The dangers of overtraining

While overtraining is a common problem in strength training, it’s becoming increasingly common with people doing cardiovascular training as well. It’s important you understand what to look out for and spotting the early warning signs, which may help to avoid bigger problems in the future

What to look out for

Elevated resting heart rate

Knowing your resting heart rate is very useful when it comes to tracking performance.  A healthy resting heart rate range is 60-100bpm (beats per minute) and usually, the fitter you are, the lower your resting heart rate will be.  If you’re over-training you may notice your resting heart rate will be 10-15 bpm higher than usual. You’ll find that this is also the case if your body is fighting off the early stages of an illness.

Muscle soreness

This is common when exercising, however, if you’re experiencing soreness for longer than 72hrs then you need to schedule a break as this could be a sign of overtraining.  If you are aiming to build muscle then you need recovery if your muscles aren’t recovering it will have a negative impact on muscle gains

Sleep quality and insomnia

Struggling to get to sleep even though you have hit the gym hard and you feel exhausted? This can be linked to hormonal and nervous systems working in overload. Avoid eating late, sugary food (or other stimulants) and plan regular rest days until you’re back into a regular sleeping pattern.

Regularly feeling under the weather

This is your body’s way of telling you to rest because you’re overtraining and it’s starting to impact on your immune system.

Emotional Changes

Due to the stress put on your body during training, your hormone levels can be impacted. It’s not unusual to find you suffer some emotional changes including a lack of concentration or focus on tasks, low self-esteem, poor motivation or even depression.


If you’re always getting injured or little niggles aren’t healing, then this could mean your body can’t cope with the pressure it’s under with your training routine. It’s absolutely vital to rest so your body regains its strength.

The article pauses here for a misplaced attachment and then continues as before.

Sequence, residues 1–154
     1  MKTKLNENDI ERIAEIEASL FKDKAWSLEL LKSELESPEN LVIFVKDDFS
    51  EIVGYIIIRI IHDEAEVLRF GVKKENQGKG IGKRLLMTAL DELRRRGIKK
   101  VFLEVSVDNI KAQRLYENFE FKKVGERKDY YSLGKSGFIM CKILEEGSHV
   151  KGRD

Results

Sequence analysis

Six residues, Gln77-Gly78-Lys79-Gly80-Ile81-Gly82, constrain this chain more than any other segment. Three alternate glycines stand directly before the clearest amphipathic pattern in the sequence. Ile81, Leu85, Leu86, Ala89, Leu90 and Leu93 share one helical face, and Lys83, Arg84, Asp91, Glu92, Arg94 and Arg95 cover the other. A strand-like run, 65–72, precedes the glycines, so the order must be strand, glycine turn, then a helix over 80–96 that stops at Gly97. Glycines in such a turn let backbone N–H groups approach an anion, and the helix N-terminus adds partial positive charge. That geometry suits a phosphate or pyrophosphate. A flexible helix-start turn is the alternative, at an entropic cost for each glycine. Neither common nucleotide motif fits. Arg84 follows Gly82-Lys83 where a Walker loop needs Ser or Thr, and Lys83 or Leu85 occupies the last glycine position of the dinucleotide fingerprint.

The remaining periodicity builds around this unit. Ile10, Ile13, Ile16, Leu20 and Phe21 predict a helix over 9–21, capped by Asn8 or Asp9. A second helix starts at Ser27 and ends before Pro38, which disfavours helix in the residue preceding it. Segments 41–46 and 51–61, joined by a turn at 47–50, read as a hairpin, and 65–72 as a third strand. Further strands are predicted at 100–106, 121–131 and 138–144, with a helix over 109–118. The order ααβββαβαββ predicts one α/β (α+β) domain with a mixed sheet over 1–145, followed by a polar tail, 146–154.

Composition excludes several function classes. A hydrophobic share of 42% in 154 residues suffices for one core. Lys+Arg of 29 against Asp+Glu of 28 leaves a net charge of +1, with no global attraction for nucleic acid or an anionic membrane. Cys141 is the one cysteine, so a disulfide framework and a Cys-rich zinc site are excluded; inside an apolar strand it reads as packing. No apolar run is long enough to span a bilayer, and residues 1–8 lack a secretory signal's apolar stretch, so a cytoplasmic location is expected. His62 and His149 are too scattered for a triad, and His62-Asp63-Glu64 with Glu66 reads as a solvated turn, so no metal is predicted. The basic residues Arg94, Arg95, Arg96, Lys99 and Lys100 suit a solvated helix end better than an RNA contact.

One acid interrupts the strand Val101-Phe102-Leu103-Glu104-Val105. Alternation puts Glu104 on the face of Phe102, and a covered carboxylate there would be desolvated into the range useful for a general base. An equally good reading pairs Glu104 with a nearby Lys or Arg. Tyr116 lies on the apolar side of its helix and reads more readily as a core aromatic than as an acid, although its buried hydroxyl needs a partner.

Poor results and performance

One of the easiest ways to spot overtraining is to track your workouts. If you have three to four sessions in a row where your cardio workouts are slower, you can’t increase the weight you’re lifting for a few weeks or if you’re failing to complete sets, then these could mean you’re over doing it.

Other things to consider that can be linked to training performance are changes in diet or, conversely, not changing your diet to fit your training phase. Emotional changes – however minor – can also have a big impact on your performance.

Taking rest does not mean you are weak or unfit.  Rest is key to improving fitness and performance, regardless of what your training is.

Ways to spot and manage overtraining

  • Plan regular rest days
  • Keep a record of how you feel after each workout, both physically and emotionally. If you repeat workouts how does this compare
  • Heart rate devices are a great tool for measuring recovery rates
  • Quality sleep. Physical recovery happens between 10pm-2am so getting some early nights in will aid your recovery enormously
  • Correct nutrition is key to recovery. Make sure you plan your meals to ensure you’re refuelling effectively and getting the correct amount of nutrients in your diet
  • When weight training aim to keep your sessions between 45-75min